This review contains spoilers.
It’s time we talked about that title. The one that makes this smart, stylish show sound more like a Nick Toons joint than the layered, adult thriller it really is.
Mr Robot is the name attached to Christian Slater’s character on IMDb, and what’s printed on the jacket patch he wears. So it stands to reason that he’s Mr Robot, a suitably cyber-sounding moniker for a shady techie hacker-slash-dissociative personality hallucination (depending on which way you’re leaning this week. Me? The shared Appletinis and unspoken assumption in the hospital that a suicidal Elliot had jumped from the pier railings pushed me towards the latter.)
Elliot does seem more deserving of the pseudonym. Not only does it sound like the kind of cruel nickname schoolkids might assign to an outsider like him, someone who struggles to fit in socially and emotionally, but he certainly sees himself more as a piece of tech than a human. He carefully measures out and counteracts his various doses, and this week explores an episode-long metaphor about the bug in his perfect maze of source code. Elliot has with computers what socially-at-ease people have in groups: an instinctive affinity. He’s Mr Robot in more ways than one.
And then comes Tyrell Wellick, to whose peculiar behaviour much of episode three was devoted. What could be more robotic than obsessively drilling that promotion speech, aiming for perfection in everything from his straightened tie to the cadence of his delivery? It was no accident in a show with this title when Tyrell chastised himself for sounding like “a cold robot”. His ambition is what cuts Tyrell off from human emotions, making him seem psychopathic and yes, robotic.
Or how about Elliot’s Borg Queen mother, as seen in that flashback after his father’s death. Shock or grief or some kind of pathological condition seemed to have divorced her from all feeling. She showed no instinct to comfort her child, denying his feelings as useless and impractical. If we need to look back and see the source of Elliot’s social issues, there’s one starting point.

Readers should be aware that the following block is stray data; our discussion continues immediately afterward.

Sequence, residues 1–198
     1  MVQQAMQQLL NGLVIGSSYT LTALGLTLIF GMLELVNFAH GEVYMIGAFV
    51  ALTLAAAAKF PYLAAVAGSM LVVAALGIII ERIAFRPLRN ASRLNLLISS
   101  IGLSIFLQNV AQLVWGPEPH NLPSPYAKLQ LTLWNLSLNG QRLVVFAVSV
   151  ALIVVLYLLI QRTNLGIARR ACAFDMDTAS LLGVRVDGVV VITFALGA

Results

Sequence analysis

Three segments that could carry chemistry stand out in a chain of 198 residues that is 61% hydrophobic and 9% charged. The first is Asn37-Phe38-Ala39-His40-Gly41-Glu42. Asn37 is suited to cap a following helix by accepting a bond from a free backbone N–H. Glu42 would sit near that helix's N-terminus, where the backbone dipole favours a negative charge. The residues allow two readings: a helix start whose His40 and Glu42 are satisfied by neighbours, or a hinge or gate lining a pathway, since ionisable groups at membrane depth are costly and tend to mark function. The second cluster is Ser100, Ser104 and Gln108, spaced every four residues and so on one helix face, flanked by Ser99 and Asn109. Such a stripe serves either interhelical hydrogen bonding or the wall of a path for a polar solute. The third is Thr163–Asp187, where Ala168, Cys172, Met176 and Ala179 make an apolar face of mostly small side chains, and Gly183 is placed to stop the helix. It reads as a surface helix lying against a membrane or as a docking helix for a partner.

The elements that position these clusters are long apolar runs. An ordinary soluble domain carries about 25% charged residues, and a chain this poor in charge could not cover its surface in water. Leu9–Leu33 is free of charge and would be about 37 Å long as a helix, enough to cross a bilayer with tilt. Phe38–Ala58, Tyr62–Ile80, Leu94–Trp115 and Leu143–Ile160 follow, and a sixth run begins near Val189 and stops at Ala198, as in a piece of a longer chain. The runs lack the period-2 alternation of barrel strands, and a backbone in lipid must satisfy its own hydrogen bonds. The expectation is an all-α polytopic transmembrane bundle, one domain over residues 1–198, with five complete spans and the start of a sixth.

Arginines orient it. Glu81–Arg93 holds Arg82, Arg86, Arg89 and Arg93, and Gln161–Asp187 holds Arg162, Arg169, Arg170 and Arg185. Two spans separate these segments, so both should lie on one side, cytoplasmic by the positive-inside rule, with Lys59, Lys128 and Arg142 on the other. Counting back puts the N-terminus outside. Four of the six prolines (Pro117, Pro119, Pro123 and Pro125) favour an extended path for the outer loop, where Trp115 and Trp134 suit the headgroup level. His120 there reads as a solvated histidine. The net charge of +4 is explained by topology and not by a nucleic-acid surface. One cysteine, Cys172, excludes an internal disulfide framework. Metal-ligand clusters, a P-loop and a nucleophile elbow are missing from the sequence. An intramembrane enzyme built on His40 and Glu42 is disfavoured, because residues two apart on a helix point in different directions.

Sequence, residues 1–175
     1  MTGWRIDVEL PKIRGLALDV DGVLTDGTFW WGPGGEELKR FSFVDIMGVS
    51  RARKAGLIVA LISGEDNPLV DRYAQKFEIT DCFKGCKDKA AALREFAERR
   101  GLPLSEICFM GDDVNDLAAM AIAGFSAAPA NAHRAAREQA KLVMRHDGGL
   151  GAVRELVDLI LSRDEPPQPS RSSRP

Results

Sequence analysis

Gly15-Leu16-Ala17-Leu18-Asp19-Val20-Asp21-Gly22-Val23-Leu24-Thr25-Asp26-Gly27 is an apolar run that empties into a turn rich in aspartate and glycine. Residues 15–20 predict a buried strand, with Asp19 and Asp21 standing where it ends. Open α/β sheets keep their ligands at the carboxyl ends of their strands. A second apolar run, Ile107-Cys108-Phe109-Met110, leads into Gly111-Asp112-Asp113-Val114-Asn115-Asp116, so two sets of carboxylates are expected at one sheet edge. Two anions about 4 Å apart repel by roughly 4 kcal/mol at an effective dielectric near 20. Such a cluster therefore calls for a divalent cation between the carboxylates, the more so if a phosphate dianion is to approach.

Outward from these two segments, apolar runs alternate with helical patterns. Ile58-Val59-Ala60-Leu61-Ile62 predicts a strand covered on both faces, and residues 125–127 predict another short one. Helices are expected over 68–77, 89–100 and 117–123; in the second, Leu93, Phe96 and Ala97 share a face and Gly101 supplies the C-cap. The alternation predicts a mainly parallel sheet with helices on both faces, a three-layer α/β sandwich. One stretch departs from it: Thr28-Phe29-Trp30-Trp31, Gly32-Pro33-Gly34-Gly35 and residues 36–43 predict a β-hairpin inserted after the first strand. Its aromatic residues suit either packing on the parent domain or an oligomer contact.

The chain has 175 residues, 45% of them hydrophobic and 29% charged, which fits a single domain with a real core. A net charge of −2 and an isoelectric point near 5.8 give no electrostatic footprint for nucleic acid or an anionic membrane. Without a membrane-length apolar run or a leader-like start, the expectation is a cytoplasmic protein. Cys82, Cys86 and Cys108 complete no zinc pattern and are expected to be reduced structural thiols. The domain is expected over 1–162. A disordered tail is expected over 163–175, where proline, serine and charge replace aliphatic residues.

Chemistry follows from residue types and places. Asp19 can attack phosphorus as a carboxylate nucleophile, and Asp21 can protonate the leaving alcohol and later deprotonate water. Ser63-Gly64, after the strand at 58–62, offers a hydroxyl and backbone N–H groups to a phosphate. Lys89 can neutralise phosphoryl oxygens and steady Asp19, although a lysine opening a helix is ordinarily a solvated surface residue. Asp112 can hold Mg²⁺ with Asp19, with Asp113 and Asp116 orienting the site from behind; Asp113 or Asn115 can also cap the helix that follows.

Which leaves us with all the other Mr Robots. The ones that smile, go to dinner parties, join gyms, watch stupid Marvel movies, drink Starbucks and listen to Len’s Steal My Sunshine despite it being 2015. Much as he’s curious about its comforts, Elliot clearly sees ‘normality’ as robotic, the actions of an automaton race, controlled by the invisible hand of capitalism.
Finally, not to get too ponderous about it all, capitalism is as robotic and emotionless as it comes. This week’s revelation that the Evil Corp exec that Elliot framed in episode one knew that the firm’s actions would cause cancer in its employees yet did nothing was chief proof of that. Human lives are routinely sacrificed in a capitalist quest to be competitive and turn a profit. What’s not robotic and inhuman about that?
Episode three certainly held the line after Mr Robot’s first two strong outings. This one was all about Tyrell (played by Martin Wallstrom), the kind of character who only exists in darkly satirical thrillers, a Swedish Patrick Bateman prepared to connive, seduce and maim his way to the top. Provocative as his sex-and-violence scenes were no doubt intended to be (‘we’re on cable!’ might as well have been water-stamped over them), they were also revealing in terms of power. Tyrell was positioned as the dominant partner in all three, but though his pregnant wife—a woman who obviously shares his goals in life—may have been the submissive, she was evidently calling the shots. That was a reversal from the closet scene in which, Tyrell’s violent side having been established under that bridge, he appeared to be her aggressor. None of his characterisation was subtle, but that’s hardly the goal here. What it certainly wasn’t was boring.
Unlike Angela and her cheating boyfriend’s relationship difficulties, which are the weakest link so far in the show. As a means to an end (finding out more about the other hackers and why they’re targeting Allsafe) it’s a tolerable thread, but with any luck, we won’t spend any longer on that sofa than is strictly necessary.
Things were left with Gideon knowing something’s up with his favourite employee, adding another layer of tension to proceedings. Angela was primed to infect Allsafe with the I Spy virus. And Elliot was back at the heart of the F Society after his sojourn in normality, presumably filled with righteous vengeance about the E Corp industrial deaths.
His dad’s death is Elliot’s bug, the error hidden in his source code that makes him an aberration and stops him from hiding out in vanilla latte land. We all have bugs, says Mr Robot, prompting the question, what’s yours?
Read Frances’ review of the previous episode, Ones And Zeroes, here.
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